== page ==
This has however left a much larger question untouched, which is the grounds of comparison itself. An assumption of essential similarity across humanity simply leaves the question to the evolutionary biologists; it is an important point but it may not be from a historical or sociological point of view the essential one.
Yet the nature of our commonality is not a small issue. It is precisely from the ground that lies between equality and sympathy that the idea emerges of the universality of our human experience. François Jullien focuses on this in his account of the problem of the universal.
Jullien asks whether the universal is itself a European notion, theoretically or otherwise, and argues that it is, and the very act of producing universalist assumptions is an imposition of a worldview on a world that may not share those assumptions. It is, to borrow Samir Amin’s term, another form of Eurocentrism. It is therefore unsurprising that we find ourselves asking questions about for instance economic growth across pre-capitalist societies. That is not to say that the question is wrong, but it is a question for global history which may emerge, on reflection, from a particular standpoint in the modern world.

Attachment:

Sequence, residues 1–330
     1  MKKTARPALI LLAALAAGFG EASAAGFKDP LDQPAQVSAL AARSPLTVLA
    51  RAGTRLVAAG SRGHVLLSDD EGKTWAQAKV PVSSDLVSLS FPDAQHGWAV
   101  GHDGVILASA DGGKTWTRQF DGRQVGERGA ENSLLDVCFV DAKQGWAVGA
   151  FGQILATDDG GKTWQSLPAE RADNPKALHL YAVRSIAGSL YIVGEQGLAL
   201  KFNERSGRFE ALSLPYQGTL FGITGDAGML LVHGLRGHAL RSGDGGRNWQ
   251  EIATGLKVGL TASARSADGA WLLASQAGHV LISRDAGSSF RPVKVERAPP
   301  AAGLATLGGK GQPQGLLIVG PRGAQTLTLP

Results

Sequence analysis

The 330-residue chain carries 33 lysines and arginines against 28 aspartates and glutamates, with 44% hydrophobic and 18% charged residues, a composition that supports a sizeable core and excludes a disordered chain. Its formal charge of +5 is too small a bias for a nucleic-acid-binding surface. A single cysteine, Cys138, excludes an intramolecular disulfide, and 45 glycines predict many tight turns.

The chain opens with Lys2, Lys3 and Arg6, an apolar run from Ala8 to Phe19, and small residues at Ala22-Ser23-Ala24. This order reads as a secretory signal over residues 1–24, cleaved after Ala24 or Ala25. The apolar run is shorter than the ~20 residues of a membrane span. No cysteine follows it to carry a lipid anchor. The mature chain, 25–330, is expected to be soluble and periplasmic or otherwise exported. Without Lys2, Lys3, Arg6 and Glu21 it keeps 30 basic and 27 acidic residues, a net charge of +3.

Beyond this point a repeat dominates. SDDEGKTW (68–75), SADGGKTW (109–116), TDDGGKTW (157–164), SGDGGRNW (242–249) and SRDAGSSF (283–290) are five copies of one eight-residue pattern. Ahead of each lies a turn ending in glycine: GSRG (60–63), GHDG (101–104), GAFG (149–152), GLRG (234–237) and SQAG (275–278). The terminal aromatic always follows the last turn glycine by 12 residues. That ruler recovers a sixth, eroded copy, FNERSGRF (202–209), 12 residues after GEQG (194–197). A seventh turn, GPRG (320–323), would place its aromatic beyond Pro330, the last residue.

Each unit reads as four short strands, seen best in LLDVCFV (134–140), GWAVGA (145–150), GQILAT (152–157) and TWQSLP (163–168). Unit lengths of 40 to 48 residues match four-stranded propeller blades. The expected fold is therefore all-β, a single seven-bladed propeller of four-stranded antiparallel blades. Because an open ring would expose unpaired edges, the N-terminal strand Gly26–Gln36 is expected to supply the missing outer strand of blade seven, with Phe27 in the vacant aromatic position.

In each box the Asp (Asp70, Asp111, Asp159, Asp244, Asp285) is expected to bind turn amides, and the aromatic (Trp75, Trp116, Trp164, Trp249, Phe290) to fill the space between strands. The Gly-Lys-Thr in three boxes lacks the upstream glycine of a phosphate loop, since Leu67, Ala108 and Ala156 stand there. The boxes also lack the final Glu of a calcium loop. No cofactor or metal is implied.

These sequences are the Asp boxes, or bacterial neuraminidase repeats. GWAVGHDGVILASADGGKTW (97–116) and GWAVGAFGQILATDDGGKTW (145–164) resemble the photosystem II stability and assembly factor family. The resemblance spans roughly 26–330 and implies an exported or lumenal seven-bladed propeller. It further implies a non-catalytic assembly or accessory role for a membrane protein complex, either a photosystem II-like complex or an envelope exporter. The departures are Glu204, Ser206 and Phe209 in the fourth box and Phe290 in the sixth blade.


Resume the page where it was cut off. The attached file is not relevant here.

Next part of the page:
Andrew Abbott’s Processual Sociology enters this debate as a productive disruption. Abbott’s essays add up to a methodological statement of his lifelong interest in how to do sociology differently, to move on from Durkheim, Marx and symbolism to a new synthesis, which places more emphasis on time and the individual than on the grander forces which have driven previous models. Like the best developments, Abbott does not do away with these achievements, but rather builds towards something original and new.